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Artist’s Ashes Go to US, Germany, Korea

Posted February. 01, 2006 03:04,   


The body of video artist Paik Nam-june, who passed away at his Miami home in Florida on January 29, will be cremated and his ashes will be sent to Korea, the U.S., and Germany, according to an insider at Nam June Paik studios in New York.

“Paik said that he wanted to be buried in Korea. So his body will be cremated and the ashes will be sent to Korea,” he said yesterday. “But some of the ashes will be placed in Germany and the U.S. It has not yet been decided whether they will also be sent elsewhere.”

Germany is included because that is where Paik studied as a young man and started his career as an artist. The U.S. was chosen because he also worked for a long time in the U.S., especially in New York.

His ashes will be placed in the Nam June Park Studio in New York and the Deutche Guggenheim Berlin in Germany.

But most of his ashes will be laid to rest in Korea.

Paik’s bereaved family, including Ken Paik Hakuta, Paik’s nephew who manages Paik’s studio in New York, will hold a press conference on the morning of January 31 and announce a formal funeral service schedule after Paik’s body is sent from Miami to New York on the evening of January 30.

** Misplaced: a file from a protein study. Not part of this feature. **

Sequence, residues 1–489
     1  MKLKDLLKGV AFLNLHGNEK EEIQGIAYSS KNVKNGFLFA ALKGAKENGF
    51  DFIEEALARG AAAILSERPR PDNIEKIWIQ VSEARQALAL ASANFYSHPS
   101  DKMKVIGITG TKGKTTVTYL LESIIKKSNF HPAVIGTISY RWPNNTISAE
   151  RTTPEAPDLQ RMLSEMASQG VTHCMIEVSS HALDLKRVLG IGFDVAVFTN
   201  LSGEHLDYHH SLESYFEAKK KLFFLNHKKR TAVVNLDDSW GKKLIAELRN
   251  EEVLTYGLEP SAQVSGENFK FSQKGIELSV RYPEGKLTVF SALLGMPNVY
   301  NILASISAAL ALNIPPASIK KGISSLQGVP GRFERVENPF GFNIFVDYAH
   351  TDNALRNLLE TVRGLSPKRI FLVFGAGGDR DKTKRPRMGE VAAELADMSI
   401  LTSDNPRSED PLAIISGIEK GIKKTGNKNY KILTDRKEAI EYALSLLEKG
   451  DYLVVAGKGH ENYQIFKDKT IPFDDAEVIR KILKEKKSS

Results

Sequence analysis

The Korean Cultural Service in New York is holding a lifetime exhibition of Paik’s works titled, “Moving Time,” and will hold an event in memory of Paik on February 2.

Meanwhile, international media outlets covered Paik’s death. The New York Times ran an obituary titled, “Nam June Paik, 73, Dies; Pioneer of Video Art Whose Work Broke Cultural Barriers.”

The New York Times described him as an artist who was widely considered the inventor of video art, and an artist whose chief means of expression was television, which he approached with high entertainment value. It went on to say his work could be kitschy, visually dazzling and profound, sometimes all at once, and was often irresistibly funny and high-spirited.”

The Associated Press and Agence France Presse also reported his death.

The internet edition of Speigel, a German weekly magazine, introduced him as “the father of video art” and focused on the fact that Germany is where he studied and received much of his artistic inspiration.

The Sud Deutche Zeitung, a German daily, said that Paik showed an interest in experimental music as early as the 1950s and that he shocked audiences with performance art, such as breaking musical instruments.

Jong sik Kong kong@donga.com